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Preparing for the Age Wave

We are in the midst of an age wave, brought on by baby boomers who are changing the nation's demographics and redefining the meaning of old age.
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We are in the midst of an age wave, brought on by baby boomers who are changing the nation's demographics and redefining the meaning of old age. Every day, over 10,000 Americans turn 65, and the trend will continue into the next decade and beyond. As we begin the new year, it's a good time to take stock in our preparedness to deal with the needs of this growing population.

In 2015, we reached significant milestones: it was the 50th anniversary of Medicare, Medicaid, and the Older Americans Act, and the 80th anniversary of Social Security - all successful, cherished institutions critical to the health and well-being of our elderly population.

It was also the year that the White House held its sixth Conference on Aging, a decadal event that brought together seniors, caregivers, policy experts and advocates for discussions on how to improve the lives of older Americans. And it couldn't have been more timely.

The final report from the Conference has just been released, and it focuses on four areas especially important to seniors: retirement security, healthy aging, long-term services and supports, and elder justice. The report includes a number of public- and private-sector proposals, initiatives, and commitments in those four areas, including:

Retirement Security. Creating more retirement savings plan options (one-third of U.S. workers have no access to a workplace retirement plan) and requiring retirement advisers to put their clients' best interests first, ahead of their own profits.

Healthy Aging. Updating quality and safety requirements for over 15,000 nursing homes and skilled nursing facilities, and allowing Supplemental Nutrition Assistance Program (SNAP) benefits to be used for food delivery services to homebound seniors.

Long-Term Services and Supports. Ensuring that the home health industry can attract and retain paid caregivers, and extending federal minimum wage and overtime protections to many home healthcare workers.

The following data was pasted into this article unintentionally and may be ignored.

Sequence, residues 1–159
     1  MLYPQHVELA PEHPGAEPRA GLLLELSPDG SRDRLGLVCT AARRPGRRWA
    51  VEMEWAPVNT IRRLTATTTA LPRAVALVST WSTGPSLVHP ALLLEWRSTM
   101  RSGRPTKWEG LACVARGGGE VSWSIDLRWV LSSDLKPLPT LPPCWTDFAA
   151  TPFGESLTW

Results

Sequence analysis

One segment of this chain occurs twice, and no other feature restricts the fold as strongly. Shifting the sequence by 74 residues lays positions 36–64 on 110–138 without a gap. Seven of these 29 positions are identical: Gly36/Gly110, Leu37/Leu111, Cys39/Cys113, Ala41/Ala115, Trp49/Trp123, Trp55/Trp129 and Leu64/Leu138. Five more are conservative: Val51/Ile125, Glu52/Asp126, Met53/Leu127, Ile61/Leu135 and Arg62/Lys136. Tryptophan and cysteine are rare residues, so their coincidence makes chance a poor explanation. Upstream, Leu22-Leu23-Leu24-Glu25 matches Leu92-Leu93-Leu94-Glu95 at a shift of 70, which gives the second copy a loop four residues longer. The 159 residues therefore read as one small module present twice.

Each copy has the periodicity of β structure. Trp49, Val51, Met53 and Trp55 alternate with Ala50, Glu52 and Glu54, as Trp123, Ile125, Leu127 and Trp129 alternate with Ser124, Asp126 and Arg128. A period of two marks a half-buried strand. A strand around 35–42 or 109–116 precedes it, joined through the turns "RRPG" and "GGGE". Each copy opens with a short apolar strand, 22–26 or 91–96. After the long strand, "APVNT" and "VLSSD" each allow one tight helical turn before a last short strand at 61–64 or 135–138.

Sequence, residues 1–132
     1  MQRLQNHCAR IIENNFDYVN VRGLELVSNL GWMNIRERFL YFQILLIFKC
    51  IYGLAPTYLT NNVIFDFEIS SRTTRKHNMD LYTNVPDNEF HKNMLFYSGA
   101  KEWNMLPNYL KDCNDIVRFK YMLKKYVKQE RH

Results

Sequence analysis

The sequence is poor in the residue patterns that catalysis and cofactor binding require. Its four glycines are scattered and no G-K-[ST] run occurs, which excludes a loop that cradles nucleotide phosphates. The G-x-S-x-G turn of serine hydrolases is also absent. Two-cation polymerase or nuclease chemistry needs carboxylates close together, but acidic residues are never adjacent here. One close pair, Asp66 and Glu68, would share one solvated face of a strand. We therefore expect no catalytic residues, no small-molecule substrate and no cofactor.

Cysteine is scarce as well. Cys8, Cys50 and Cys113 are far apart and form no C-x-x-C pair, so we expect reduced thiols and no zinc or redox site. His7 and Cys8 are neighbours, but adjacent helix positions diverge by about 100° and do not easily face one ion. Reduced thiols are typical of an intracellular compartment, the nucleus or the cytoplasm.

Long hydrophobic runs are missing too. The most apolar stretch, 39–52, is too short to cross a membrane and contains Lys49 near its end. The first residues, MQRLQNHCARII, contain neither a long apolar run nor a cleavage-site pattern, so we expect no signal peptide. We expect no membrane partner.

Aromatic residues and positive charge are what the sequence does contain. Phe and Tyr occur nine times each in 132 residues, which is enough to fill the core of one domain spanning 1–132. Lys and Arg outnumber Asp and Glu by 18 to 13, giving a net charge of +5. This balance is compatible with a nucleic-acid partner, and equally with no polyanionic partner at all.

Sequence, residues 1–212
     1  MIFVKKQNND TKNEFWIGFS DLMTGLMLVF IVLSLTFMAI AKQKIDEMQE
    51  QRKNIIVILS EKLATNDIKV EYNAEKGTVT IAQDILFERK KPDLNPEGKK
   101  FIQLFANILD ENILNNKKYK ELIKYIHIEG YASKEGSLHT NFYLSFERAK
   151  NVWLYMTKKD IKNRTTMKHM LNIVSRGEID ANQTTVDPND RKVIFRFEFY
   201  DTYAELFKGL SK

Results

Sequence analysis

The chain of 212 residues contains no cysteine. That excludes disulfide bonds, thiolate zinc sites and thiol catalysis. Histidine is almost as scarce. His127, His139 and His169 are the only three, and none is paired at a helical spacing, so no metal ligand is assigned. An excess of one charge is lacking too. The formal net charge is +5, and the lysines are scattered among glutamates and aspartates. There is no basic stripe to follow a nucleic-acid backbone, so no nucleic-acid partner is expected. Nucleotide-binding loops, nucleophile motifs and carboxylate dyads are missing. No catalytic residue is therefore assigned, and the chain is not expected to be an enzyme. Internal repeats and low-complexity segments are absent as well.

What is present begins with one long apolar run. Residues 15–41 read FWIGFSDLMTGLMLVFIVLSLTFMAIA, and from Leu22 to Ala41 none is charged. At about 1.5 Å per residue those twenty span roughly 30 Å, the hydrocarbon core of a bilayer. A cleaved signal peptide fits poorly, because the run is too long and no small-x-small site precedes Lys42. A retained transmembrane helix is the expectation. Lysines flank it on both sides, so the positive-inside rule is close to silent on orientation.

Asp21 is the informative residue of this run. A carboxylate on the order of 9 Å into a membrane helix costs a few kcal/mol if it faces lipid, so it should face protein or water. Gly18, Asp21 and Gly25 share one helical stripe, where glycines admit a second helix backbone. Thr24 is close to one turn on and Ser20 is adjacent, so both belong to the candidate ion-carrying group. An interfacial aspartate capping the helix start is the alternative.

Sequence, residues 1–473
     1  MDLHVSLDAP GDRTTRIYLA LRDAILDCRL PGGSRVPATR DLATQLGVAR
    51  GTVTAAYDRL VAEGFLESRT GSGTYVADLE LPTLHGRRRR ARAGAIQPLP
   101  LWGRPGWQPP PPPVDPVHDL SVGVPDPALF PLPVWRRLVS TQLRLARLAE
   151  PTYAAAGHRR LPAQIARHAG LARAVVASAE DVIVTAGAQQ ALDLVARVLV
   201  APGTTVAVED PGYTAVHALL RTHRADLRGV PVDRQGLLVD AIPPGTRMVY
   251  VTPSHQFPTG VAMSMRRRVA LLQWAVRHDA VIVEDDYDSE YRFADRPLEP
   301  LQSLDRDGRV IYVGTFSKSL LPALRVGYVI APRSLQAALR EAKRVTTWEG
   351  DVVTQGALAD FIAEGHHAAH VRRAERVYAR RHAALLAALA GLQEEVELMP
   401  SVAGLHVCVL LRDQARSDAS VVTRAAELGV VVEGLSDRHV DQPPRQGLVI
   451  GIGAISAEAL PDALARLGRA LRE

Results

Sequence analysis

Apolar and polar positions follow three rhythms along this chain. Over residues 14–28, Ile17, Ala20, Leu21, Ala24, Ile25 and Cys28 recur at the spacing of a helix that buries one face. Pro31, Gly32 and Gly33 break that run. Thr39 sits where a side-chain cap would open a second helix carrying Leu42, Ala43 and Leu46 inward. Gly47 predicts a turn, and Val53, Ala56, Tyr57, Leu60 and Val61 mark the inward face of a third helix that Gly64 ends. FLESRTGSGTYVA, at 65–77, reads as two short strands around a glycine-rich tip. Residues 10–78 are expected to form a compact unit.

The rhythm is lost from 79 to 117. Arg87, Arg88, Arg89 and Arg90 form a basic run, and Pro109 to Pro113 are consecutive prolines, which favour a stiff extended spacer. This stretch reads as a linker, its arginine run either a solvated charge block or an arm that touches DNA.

Elder Justice. Emphasizing the need to use Victims of Crime Act (VOCA) funds to support social and legal services to underserved victims including elderly victims of abuse, financial exploitation, fraud, and neglect.

The topic that garnered the most attention during the conference was caregiving. Older Americans overwhelmingly prefer to stay in their homes and communities as they age, and participants emphasized the need for more support for both paid and non-paid (family) caregivers to enable seniors to retain their independence.

Many of the private-sector commitments involved using technology to improve cognitive function and independence for older Americans. One example is Uber's launch of pilot programs in several states to provide free technology tutoring and free or discounted rides to seniors.

And to help seniors and their families navigate the information superhighway, a new website, Aging.gov, was launched to provide a central site for government-wide information on programs and services related to aging.

The White House Conference on Aging was a timely and much-needed national conversation on the challenges of an aging society. It brought government and private industry together to collaborate on solutions. It sought to recognize the possibilities, rather than the limitations, of aging. Most importantly, it strove to find ways for older Americans to enjoy longer, healthier, more active and independent lives, and retire with security and dignity. As we begin a new year and prepare ourselves as a nation for our changing demographics, that is a goal worth aiming for.